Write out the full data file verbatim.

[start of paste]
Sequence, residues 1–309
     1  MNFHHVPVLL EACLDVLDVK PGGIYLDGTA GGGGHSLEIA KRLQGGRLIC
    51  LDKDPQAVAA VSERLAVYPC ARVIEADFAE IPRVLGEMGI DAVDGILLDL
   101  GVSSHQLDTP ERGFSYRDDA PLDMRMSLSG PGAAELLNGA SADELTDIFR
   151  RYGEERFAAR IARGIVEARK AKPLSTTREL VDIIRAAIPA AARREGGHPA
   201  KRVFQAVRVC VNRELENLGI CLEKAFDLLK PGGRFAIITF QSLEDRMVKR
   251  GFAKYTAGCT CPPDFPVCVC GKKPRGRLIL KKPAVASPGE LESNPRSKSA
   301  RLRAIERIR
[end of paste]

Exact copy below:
Sequence, residues 1–309
     1  MNFHHVPVLL EACLDVLDVK PGGIYLDGTA GGGGHSLEIA KRLQGGRLIC
    51  LDKDPQAVAA VSERLAVYPC ARVIEADFAE IPRVLGEMGI DAVDGILLDL
   101  GVSSHQLDTP ERGFSYRDDA PLDMRMSLSG PGAAELLNGA SADELTDIFR
   151  RYGEERFAAR IARGIVEARK AKPLSTTREL VDIIRAAIPA AARREGGHPA
   201  KRVFQAVRVC VNRELENLGI CLEKAFDLLK PGGRFAIITF QSLEDRMVKR
   251  GFAKYTAGCT CPPDFPVCVC GKKPRGRLIL KKPAVASPGE LESNPRSKSA
   301  RLRAIERIR